classical conditioning also pavlovian respondent conditioning n.
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  1. Classical Conditioning(also Pavlovian / Respondent Conditioning)

  2. PAVLOVIAN PARADIGM unconditional stimulus unconditional response elicits UCR UCS elicits CR CS conditional stimulus conditional response But what does mean?

  3. CS CS CS CS US US US US Temporal Relations and Conditioning Delay Conditioning Trace Conditioning Simultaneous Conditioning Backward Conditioning

  4. BASIC PHENOMENA • ACQUISITION • EXTINCTION • STIMULUS CONTROL

  5. Acquisition

  6. Extinction

  7. Spontaneous Recovery

  8. Stimulus Control

  9. Is key element S-S (CS – UCS) or S-R (CS – UCR) relationship? • Sensory preconditioning • Idea of stimulus substitution

  10. Is key element S-S (CS – UCS) or S-R (CS – UCR) relationship? • Sensory preconditioning • Idea of stimulus substitution

  11. What are the necessary and sufficient conditions for Pavlovian conditioning to occur? • Response Class • Temporal Relations • Contingency

  12. Respondent Contingencies • Standard Procedure • P(UCS|CS) = 1 ; P(UCS|~CS) = 0 • Partial Reinforcement • 0 < P(UCS|CS) < 1 ; P(UCS|~CS) = 0 • Random Control • 0 < P(UCS|CS) = P(UCS|~CS) • Inhibitory CS • 0 < P(UCS|CS) < P(UCS|~CS) Pavlovian Conditioning

  13. Contingency Table UCS ~UCS #UCSCS = A # CS = A + B P(UCS|CS) = A / (A+B) CS B A+B A ~CS D C+D C A+C B+D N |AD - BC| (A+B)(C+D)(A+C)(B+D)  = Pavlovian Conditioning

  14. Staddon’s Data Pavlovian Conditioning

  15. Contingencies and Staddon’s Data SH ~SH = 20/30 = 2/3 = 10/30 = 1/3 = 10/30 = 1/3 = 20/30 = 2/3 P(S) P(~S) P(SH) P(~SH) 10 20 S 10 012 011 10 ~S 10 0 022 021 30 10 20 Pavlovian Conditioning

  16. Contingencies and Staddon’s Data If S and SH were independent (“random control”): P (SH|S) = P (SH) or P (SH  S) = P (SH) P(S) By definition: P (SH|S) = P (SH  S) = #(SH and S) P(S) #S = 10/20 = 1/2 But: P (SH) = 10/30 = 1/3 So: P (SH|S) ≠ P (SH). Also, P (SH  S) ≠ P (SH) P(S) 10/30 = 1/3 ≠ (1/3)(2/3) = 2/9 Pavlovian Conditioning

  17. = X²1df= │011022 – 012021│ • N (011 + 012)(021 + 022)(011 + 021)(012 +022) Recall X² test for independence in contingency table with observed frequencies 0ij rc i=1 j=1  Where the Eij’s are the Expected Frequencies X²1df = (0ij – Eij) ² Eij  For a 2 x 2 Table X²1df = N │011022 – 012021│² (011 + 012)(021 + 022)(011 + 021)(012 +022) Pavlovian Conditioning

  18. For a 2 x 2 Table Χ²1df = N │011022 – 012021│² (011 + 012)(021 + 022)(011 + 021)(012 +022) SH ~SH E11 = (011 + 012)(011 + 021) N E12 = (011 + 012)(012 + 022) N E21 = (021 + 022)(011 + 021) N E22 = (021 + 022)(012 + 022) N S 011 + 012 012 011 021 022 021 + 022 ~S N 012 + 022 011 + 021 Pavlovian Conditioning

  19. X1² = (13.33 – 10)² + (10 - 6.67)² 13.33 6.67 + (10 – 6.67)² + (3.33 -0)² 6.67 3.33 = 7.486 ≈ 7.5 X².95 = 3.84 1df  = │(10(0) – (10)(10) │= 100 = 0.5 (20)(10)(20)(10) (20)(10) ² = 0.25 = X1² / 30, so X1² = 7.5 as above. S and Shock are not independent • For Staddon’s Data, the table is: 011 = 10 E11 = 13.33 012 = 10 E12 = 6.67 20 022 = 0 E22 = 3.33 021 = 10 E21 = 6.67 10 30 10 20 Pavlovian Conditioning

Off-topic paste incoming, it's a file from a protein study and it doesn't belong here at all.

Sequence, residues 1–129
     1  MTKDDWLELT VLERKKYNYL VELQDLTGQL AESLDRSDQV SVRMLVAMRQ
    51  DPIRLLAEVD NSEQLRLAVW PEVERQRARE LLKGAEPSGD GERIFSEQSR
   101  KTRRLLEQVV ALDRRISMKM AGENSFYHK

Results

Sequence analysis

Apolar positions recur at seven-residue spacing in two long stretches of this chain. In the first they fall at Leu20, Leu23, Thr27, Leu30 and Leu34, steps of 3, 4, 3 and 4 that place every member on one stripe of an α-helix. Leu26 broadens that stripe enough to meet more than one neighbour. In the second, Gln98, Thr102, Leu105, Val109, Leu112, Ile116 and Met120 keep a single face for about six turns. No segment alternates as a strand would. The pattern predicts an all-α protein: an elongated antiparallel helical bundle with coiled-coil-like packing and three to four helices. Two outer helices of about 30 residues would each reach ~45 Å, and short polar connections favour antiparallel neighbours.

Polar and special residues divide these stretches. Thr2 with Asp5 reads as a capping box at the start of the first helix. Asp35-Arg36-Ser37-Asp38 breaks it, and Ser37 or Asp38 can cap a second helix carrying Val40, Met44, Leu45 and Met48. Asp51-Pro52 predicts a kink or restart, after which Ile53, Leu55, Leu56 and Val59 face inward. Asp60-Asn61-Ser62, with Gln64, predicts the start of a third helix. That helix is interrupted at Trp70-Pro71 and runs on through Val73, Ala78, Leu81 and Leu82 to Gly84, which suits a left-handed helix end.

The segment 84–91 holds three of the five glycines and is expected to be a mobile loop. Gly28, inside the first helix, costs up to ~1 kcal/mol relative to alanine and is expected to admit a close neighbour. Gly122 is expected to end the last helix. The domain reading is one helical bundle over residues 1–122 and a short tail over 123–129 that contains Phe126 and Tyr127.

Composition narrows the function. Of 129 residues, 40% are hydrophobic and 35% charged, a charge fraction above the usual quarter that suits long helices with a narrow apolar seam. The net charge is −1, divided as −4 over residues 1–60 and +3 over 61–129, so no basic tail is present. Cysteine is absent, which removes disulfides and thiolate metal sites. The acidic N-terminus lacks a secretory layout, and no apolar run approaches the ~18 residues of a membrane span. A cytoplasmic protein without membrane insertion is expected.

20. Operant Conditioning

  21. cs S = Rcs Rcs+ Rcs cs cs S = 0.0 S = 0.5 Pavlovian Conditioning

  22. P(UCS|CS) = P(UCS|~CS) = P(UCS~CS) = # (UCS~CS) P(~CS) # ~CS [P(CS) > 0] ~CS E UCSCS UCS~CS ~CS = E – CS = Context P(UCS|CS) = 1- P(~UCS|CS) P(UCS|~CS) = 1- P(~UCS|~CS) ~UCS Pavlovian Conditioning

  23. RESCORLA-WAGNER MODEL

  24. What are some characteristics of a good model? Variables well-described and manipulatable. Accounts for known results and able to predict non-trivial results of new experiments. Dependent variable(s) predicted in at least relative magnitude and direction. Parsimonious (i.e., minimum assumptions for maximum effectiveness).

  25. STEPS IN MODEL BUILDING • IDENTIFICATION: WHAT’S THE QUESTION? • ASSUMPTIONS: WHAT’S IMPORTANT; WHAT’S NOT? • CONSTRUCTION: MATHEMATICAL FORMULATION • ANALYSIS: SOLUTIONS • INTERPRETATION: WHAT DOES IT MEAN? • VALIDATION: DOES IT ACCORD WITH KNOWN DATA? • IMPLEMENTATION: CAN IT PREDICT NEW DATA?

  26. PRINCIPAL THEORETICAL VARIABLE: ASSOCIATIVE STRENGTH, V

  27. RESCORLA-WAGNER MODEL

  28. ASSUMPTIONS 1. When a CS is presented its associative strength, Vcs, may increase (CS+), decrease (CS-), or remain unchanged. 2. The asymptotic strength () of association depends on the magnitude (I) of the UCS:  = f (UCSI). 3. A given UCS can support only a certain level of associative strength, . 4. In a stimulus compound, the total associative strength is the algebraic sum of the associative strength of the components. [ex. T: tone, L: light. VT+L =VT + VL] 5. The change in associative strength, V, on any trial is proportional to the difference between the present associative strength, Vcs, and the asymptotic associative strength, .

  29. Contiguity in R-W Model If P(UCS|CS) = P(UCS|~CS), we really have CS = CS + CTX and ~CS = CTX. Then: P(UCS|CS + CTX) = P(UCS|CTX) V (CS + CTX) = VCS + VCTX (R-W axiom) V CS = V (CS +CTX) = VCS + VCTX but: V CTX = V ~CS so: V (CS + CTX) = V CS + V~CS = 0  No significant conditioning occurs to the CS Pavlovian Conditioning